Rockefeller on Performance Enhancing Drugs in Horse Racing

July 12, 2012

JDR Head ShotWASHINGTON, D.C.— Chairman John D. (Jay) Rockefeller IV issued a prepared opening statement at the U.S. Senate Committee on Commerce, Science, and Transportation hearing on "Medication and Performance Enhancing Drugs in Horse Racing."

"I want to thank Senator Udall for requesting this hearing, and I further commend him for his tireless work on this subject.  Horse racing is a noble sport and an economic driver in West Virginia, and I know many who work in the industry care about the health of their horses.

"Unfortunately, the inappropriate use of otherwise therapeutic medication in racehorses has long been a problem that has plagued the sport.  Medication such as phenylbuterol or “bute” can legitimately help in the healing process of an ailing horse.  But when bute is used to mask pain on an unsound horse so that he or she can race on the track, the drug becomes an abusive practice that puts the life of the horse and jockey at risk.  Other drugs, such as cobra venom or demorphine, which is a powerful painkiller recently discovered in over 30 horses in 4 different states and is found on the skin of South American tree frogs, have absolutely no therapeutic value and are used purely to cheat.  Any trainer caught using these types of cruel drugs should be banned from the sport.

"In 1978, Congress passed the Interstate Horseracing Act into law, and as a result, racetracks around the country have the benefit of simulcasting their racing signals and accepting interstate wagers.  Despite bestowing this unique status on the racing industry, Congress did not impose any standards that address the integrity of the sport, nor the welfare of jockeys, horses or fans.  This Committee has jurisdiction over the Interstate Horseracing Act and was instrumental in its passage.  The law was authored by the former Chairman of this Committee, Senator Magnuson.  As the current Chairman of the Commerce Committee, I am prepared to examine whether or not racetracks continue to deserve this unique federal privilege.  The federal government is already involved in this issue, and it is perfectly reasonable to expect the industry to adhere to uniform standards that protect jockeys, horses, and racing fans.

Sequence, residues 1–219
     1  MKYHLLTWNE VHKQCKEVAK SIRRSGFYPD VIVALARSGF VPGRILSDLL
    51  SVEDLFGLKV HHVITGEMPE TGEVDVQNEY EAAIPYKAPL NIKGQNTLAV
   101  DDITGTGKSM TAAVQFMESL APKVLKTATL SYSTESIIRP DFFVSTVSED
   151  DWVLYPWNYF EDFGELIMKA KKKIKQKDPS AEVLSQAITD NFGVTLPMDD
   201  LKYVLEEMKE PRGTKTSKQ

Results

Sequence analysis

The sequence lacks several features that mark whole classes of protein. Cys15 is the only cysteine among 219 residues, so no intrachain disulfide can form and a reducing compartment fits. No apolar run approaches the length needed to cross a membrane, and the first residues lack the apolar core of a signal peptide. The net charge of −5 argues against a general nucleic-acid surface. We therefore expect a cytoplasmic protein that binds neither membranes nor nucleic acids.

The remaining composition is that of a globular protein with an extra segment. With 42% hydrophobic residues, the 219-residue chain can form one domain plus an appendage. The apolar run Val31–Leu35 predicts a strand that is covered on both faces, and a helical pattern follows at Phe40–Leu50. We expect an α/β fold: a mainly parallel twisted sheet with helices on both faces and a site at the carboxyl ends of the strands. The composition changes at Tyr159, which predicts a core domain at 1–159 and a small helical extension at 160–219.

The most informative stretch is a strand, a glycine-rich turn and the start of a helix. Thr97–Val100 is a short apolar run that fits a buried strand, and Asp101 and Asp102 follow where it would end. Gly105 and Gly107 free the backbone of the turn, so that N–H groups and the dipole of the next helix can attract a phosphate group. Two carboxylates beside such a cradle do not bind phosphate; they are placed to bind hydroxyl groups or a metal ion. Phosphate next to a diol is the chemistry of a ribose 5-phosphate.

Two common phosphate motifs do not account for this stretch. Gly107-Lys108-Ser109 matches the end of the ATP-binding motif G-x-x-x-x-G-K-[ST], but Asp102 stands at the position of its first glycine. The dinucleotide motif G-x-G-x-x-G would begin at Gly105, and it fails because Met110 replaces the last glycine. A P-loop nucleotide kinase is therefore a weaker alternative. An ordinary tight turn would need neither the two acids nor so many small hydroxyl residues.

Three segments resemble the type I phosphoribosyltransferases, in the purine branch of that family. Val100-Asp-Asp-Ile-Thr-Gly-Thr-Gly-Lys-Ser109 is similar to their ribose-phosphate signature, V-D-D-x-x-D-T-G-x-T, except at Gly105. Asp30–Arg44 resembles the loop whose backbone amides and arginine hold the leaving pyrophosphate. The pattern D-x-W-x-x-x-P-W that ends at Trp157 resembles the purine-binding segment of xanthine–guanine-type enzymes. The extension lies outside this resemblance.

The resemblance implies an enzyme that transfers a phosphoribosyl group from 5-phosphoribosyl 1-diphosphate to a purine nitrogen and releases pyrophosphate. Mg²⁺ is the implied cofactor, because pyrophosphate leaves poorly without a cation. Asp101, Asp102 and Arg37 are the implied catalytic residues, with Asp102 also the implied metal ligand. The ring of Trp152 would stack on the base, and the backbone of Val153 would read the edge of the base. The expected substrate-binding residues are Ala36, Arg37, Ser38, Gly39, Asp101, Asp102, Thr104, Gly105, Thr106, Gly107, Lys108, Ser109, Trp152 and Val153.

"I look forward to hearing from our witnesses, and I hope today’s hearing begins a constructive dialogue to find solutions to problems that regrettably haunt this very noble sport.  Thank you."